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Publication Detail
The use of Systemic Lupus Erythematosus Disease Activity Index-2000 to define active disease and minimal clinically meaningful change based on data from a large cohort of systemic lupus erythematosus patients.
  • Publication Type:
    Journal article
  • Publication Sub Type:
    Journal Article
  • Authors:
    Yee C-S, Farewell VT, Isenberg DA, Griffiths B, Teh L-S, Bruce IN, Ahmad Y, Rahman A, Prabu A, Akil M, McHugh N, Edwards C, D'Cruz D, Khamashta MA, Gordon C
  • Publication date:
    05/2011
  • Pagination:
    982, 988
  • Journal:
    Rheumatology (Oxford)
  • Volume:
    50
  • Issue:
    5
  • Status:
    Published
  • Country:
    England
  • Language:
    eng
  • Keywords:
    Adult, Cohort Studies, Cross-Sectional Studies, Disease Progression, Female, Humans, Longitudinal Studies, Lupus Erythematosus, Systemic, Male, Middle Aged, ROC Curve, Sensitivity and Specificity, Severity of Illness Index, United Kingdom
Abstract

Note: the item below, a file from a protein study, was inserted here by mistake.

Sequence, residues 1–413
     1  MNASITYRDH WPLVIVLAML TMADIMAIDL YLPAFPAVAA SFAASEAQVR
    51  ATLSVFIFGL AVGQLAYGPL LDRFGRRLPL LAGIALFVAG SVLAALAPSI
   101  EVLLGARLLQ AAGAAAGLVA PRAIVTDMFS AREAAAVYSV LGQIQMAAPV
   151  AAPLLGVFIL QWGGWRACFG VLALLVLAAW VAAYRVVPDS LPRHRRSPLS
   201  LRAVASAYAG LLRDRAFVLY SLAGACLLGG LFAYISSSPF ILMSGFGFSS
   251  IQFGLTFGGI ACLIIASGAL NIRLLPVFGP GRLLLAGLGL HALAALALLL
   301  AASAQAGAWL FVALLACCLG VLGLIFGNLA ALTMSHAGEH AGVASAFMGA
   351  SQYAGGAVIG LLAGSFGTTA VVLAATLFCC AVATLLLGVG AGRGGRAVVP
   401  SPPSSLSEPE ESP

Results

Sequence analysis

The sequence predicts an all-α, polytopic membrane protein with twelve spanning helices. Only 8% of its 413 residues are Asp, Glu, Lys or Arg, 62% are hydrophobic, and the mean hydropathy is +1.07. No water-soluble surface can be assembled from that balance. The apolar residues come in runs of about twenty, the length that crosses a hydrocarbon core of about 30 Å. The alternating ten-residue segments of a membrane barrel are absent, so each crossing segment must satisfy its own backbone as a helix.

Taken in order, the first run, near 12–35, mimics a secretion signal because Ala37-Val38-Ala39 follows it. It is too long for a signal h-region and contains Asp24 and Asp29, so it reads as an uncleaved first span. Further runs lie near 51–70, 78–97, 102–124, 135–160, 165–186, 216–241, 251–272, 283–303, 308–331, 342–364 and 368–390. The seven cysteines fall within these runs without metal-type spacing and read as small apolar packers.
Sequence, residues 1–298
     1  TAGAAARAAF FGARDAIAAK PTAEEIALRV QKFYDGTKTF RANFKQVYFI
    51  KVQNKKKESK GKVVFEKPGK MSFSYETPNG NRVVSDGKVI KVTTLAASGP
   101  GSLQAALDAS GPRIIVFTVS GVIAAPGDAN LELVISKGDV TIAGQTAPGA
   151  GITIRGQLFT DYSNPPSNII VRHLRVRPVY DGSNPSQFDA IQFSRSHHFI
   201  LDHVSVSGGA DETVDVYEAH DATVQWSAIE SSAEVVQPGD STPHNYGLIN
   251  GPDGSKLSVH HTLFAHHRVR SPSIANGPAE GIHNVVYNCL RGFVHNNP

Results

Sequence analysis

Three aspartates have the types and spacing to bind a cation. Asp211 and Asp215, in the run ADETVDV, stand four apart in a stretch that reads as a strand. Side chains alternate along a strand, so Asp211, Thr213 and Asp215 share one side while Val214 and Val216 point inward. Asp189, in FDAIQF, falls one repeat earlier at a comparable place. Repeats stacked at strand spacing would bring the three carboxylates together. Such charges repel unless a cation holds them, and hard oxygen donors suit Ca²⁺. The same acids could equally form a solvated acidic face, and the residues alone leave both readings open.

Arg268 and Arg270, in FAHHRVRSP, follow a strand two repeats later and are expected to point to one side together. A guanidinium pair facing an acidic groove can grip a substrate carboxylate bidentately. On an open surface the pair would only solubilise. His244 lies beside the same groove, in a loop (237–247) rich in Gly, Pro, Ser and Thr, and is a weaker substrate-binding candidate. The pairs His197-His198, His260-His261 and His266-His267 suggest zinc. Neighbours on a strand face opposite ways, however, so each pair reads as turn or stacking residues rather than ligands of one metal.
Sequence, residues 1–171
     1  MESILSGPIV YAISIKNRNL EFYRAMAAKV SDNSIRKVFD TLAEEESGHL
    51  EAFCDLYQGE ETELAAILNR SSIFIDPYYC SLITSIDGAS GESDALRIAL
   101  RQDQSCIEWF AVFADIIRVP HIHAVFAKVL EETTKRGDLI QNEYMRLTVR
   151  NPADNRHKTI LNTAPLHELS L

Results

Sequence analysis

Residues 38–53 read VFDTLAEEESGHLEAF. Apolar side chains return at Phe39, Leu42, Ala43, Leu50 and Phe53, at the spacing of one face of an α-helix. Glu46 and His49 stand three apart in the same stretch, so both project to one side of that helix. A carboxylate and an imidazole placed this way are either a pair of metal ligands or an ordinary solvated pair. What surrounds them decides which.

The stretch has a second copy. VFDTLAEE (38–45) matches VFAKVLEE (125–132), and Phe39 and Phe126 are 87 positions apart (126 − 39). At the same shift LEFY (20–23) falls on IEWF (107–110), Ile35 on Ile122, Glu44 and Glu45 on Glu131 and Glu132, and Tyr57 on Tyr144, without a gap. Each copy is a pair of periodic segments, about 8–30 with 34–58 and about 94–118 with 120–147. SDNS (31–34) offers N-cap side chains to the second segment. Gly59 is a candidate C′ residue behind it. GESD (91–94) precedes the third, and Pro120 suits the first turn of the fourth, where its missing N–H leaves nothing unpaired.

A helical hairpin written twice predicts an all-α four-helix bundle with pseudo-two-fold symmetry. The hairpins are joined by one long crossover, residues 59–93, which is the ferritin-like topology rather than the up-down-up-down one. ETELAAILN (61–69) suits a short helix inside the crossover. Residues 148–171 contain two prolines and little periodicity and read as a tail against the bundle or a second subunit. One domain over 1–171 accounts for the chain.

OBJECTIVES: To examine SLEDAI-2000 cut-off scores for definition of active SLE and to determine the sensitivity to change of SLEDAI-2000 for the assessment of SLE disease activity and minimal clinically meaningful changes in score. METHODS: Data from two multi-centre studies were used in the analysis: in a cross-sectional and a longitudinal fashion. At every assessment, data were collected on SLEDAI-2000 and treatment. The cross-sectional analysis with receiver operating characteristic (ROC) curves was used to examine the appropriate SLEDAI-2000 score to define active disease and increase in therapy was the reference standard. In the longitudinal analysis, sensitivity to change of SLEDAI-2000 was assessed with multinomial logistic regression. ROC curves analysis was used to examine possible cut-points in score changes associated with change in therapy, and mean changes were estimated. RESULTS: In the cross-sectional analysis, the most appropriate cut-off scores for active disease were 3 or 4. In the longitudinal analysis, the best model for predicting treatment increase was with the change in SLEDAI-2000 score and the score from the previous visit as continuous variables. The use of cut-points was less predictive of treatment change than the use of continuous score. The mean difference in the change in SLEDAI-2000 scores, adjusted for prior score, between patients with treatment increase and those without was 2.64 (95% CI 2.16, 3.14). CONCLUSIONS: An appropriate SLEDAI-2000 score to define active disease is 3 or 4. SLEDAI-2000 index is sensitive to change. The use of SLEDAI-2000 as a continuous outcome is recommended for comparative purposes.
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